+If one patch depends on another patch in order for a change to be
+complete, that is OK. Simply note "this patch depends on patch X"
+in your patch description.
+
+
+4) Select e-mail destination.
+
+Look through the MAINTAINERS file and the source code, and determine
+if your change applies to a specific subsystem of the kernel, with
+an assigned maintainer. If so, e-mail that person.
+
+If no maintainer is listed, or the maintainer does not respond, send
+your patch to the primary Linux kernel developer's mailing list,
+linux-kernel@vger.kernel.org. Most kernel developers monitor this
+e-mail list, and can comment on your changes.
+
+Linus Torvalds is the final arbiter of all changes accepted into the
+Linux kernel. His e-mail address is <torvalds@osdl.org>. He gets
+a lot of e-mail, so typically you should do your best to -avoid- sending
+him e-mail.
+
+Patches which are bug fixes, are "obvious" changes, or similarly
+require little discussion should be sent or CC'd to Linus. Patches
+which require discussion or do not have a clear advantage should
+usually be sent first to linux-kernel. Only after the patch is
+discussed should the patch then be submitted to Linus.
+
+For small patches you may want to CC the Trivial Patch Monkey
+trivial@rustcorp.com.au set up by Rusty Russell; which collects "trivial"
+patches. Trivial patches must qualify for one of the following rules:
+ Spelling fixes in documentation
+ Spelling fixes which could break grep(1).
+ Warning fixes (cluttering with useless warnings is bad)
+ Compilation fixes (only if they are actually correct)
+ Runtime fixes (only if they actually fix things)
+ Removing use of deprecated functions/macros (eg. check_region).
+ Contact detail and documentation fixes
+ Non-portable code replaced by portable code (even in arch-specific,
+ since people copy, as long as it's trivial)
+ Any fix by the author/maintainer of the file. (ie. patch monkey
+ in re-transmission mode)
+
+
+
+5) Select your CC (e-mail carbon copy) list.
+
+Unless you have a reason NOT to do so, CC linux-kernel@vger.kernel.org.
+
+Other kernel developers besides Linus need to be aware of your change,
+so that they may comment on it and offer code review and suggestions.
+linux-kernel is the primary Linux kernel developer mailing list.
+Other mailing lists are available for specific subsystems, such as
+USB, framebuffer devices, the VFS, the SCSI subsystem, etc. See the
+MAINTAINERS file for a mailing list that relates specifically to
+your change.
+
+Even if the maintainer did not respond in step #4, make sure to ALWAYS
+copy the maintainer when you change their code.
+
+For small patches you may want to CC the Trivial Patch Monkey
+trivial@rustcorp.com.au set up by Rusty Russell; which collects "trivial"
+patches. Trivial patches must qualify for one of the following rules:
+ Spelling fixes in documentation
+ Spelling fixes which could break grep(1).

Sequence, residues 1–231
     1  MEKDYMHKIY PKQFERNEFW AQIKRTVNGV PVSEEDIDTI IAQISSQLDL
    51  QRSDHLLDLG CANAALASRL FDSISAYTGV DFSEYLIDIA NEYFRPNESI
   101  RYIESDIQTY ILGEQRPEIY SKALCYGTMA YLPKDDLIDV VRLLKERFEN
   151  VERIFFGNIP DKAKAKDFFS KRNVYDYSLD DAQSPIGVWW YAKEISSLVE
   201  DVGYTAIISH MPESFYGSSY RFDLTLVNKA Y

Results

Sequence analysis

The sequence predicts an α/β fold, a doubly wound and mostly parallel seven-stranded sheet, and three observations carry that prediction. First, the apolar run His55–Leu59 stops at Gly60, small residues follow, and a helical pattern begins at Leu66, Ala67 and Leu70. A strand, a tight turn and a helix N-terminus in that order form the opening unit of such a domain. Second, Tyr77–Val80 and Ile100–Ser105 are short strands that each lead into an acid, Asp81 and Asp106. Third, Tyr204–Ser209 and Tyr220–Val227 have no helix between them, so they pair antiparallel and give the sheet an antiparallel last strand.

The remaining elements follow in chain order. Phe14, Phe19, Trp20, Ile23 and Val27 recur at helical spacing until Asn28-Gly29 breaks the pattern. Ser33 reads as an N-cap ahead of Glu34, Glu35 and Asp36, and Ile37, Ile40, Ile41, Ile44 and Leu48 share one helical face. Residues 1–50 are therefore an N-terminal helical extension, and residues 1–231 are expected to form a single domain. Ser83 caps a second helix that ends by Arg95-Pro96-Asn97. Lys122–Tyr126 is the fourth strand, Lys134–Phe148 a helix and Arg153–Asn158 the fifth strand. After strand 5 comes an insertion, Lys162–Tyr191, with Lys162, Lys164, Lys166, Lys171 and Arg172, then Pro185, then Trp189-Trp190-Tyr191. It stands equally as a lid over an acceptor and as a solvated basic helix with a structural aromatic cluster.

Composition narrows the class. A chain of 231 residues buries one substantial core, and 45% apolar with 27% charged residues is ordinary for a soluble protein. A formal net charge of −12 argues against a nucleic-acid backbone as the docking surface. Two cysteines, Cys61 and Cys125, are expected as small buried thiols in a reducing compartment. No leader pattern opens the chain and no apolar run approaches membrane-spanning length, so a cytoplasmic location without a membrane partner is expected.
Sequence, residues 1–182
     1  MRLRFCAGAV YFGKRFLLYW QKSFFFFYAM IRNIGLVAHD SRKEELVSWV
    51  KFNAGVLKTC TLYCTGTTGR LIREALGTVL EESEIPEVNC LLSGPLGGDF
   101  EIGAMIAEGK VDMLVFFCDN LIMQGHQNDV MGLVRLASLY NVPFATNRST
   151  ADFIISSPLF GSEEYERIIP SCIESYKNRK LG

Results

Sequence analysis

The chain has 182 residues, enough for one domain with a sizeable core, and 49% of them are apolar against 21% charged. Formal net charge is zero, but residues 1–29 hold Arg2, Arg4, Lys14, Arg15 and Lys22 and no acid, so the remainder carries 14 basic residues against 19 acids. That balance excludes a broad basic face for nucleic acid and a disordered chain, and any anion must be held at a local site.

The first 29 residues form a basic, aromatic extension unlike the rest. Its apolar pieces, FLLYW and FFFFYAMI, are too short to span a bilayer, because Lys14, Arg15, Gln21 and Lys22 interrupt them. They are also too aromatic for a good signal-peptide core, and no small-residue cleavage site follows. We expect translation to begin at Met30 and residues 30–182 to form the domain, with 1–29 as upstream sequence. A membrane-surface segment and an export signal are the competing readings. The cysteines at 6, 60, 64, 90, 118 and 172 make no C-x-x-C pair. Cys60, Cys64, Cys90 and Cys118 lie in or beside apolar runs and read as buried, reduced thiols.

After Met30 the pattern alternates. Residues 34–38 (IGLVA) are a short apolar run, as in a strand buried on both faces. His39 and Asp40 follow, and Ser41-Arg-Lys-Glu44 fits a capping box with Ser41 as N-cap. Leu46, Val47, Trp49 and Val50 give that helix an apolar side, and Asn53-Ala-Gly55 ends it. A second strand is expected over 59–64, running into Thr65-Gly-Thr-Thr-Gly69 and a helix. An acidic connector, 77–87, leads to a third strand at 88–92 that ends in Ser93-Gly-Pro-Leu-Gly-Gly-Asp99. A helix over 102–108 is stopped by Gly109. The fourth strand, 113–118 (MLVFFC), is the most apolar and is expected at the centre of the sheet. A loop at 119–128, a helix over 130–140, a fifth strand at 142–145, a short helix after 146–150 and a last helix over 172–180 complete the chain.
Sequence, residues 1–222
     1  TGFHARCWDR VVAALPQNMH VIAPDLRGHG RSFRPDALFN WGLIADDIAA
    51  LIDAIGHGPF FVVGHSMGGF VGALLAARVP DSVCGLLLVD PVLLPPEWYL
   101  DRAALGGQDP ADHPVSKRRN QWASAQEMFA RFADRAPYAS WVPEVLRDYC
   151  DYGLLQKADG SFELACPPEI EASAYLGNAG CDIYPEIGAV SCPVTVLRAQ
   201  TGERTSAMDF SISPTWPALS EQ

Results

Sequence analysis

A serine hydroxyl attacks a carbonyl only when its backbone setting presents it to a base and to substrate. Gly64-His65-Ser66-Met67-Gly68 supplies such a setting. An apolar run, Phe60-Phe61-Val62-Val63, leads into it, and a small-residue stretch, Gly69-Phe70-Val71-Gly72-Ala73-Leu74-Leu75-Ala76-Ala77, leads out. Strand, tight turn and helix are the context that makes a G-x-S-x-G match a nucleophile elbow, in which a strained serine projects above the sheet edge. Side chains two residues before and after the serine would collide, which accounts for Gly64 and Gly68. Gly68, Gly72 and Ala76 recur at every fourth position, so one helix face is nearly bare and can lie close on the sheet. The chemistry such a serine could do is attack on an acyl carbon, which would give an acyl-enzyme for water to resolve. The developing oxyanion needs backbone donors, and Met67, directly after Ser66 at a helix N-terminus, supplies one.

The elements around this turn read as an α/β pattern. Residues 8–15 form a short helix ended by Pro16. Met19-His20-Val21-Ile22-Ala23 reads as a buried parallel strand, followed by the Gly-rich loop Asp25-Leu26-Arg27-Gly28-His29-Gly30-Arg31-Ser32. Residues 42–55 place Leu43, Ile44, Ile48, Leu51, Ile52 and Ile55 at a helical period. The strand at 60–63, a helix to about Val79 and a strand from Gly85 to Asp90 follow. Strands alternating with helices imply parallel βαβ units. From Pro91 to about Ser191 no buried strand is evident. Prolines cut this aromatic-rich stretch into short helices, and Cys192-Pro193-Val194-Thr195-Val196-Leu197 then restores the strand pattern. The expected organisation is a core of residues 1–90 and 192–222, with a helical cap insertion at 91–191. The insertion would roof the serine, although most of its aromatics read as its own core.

+ Warning fixes (cluttering with useless warnings is bad)
+ Compilation fixes (only if they are actually correct)
+ Runtime fixes (only if they actually fix things)
+ Removing use of deprecated functions/macros (eg. check_region).
+ Contact detail and documentation fixes
+ Non-portable code replaced by portable code (even in arch-specific,
+ since people copy, as long as it's trivial)
+ Any fix by the author/maintainer of the file. (ie. patch monkey
+ in re-transmission mode)
+
+
+
+6) No MIME, no links, no compression, no attachments. Just plain text.
+
+Linus and other kernel developers need to be able to read and comment
+on the changes you are submitting. It is important for a kernel
+developer to be able to "quote" your changes, using standard e-mail
+tools, so that they may comment on specific portions of your code.
+
+For this reason, all patches should be submitting e-mail "inline".
+WARNING: Be wary of your editor's word-wrap corrupting your patch,
+if you choose to cut-n-paste your patch.
+
+Do not attach the patch as a MIME attachment, compressed or not.
+Many popular e-mail applications will not always transmit a MIME
+attachment as plain text, making it impossible to comment on your
+code. A MIME attachment also takes Linus a bit more time to process,
+decreasing the likelihood of your MIME-attached change being accepted.
+
+Exception: If your mailer is mangling patches then someone may ask
+you to re-send them using MIME.
+
+
+
+7) E-mail size.
+
+When sending patches to Linus, always follow step #6.
+
+Large changes are not appropriate for mailing lists, and some
+maintainers. If your patch, uncompressed, exceeds 40 kB in size,
+it is preferred that you store your patch on an Internet-accessible
+server, and provide instead a URL (link) pointing to your patch.
+
+
+
+8) Name your kernel version.
+
+It is important to note, either in the subject line or in the patch
+description, the kernel version to which this patch applies.
+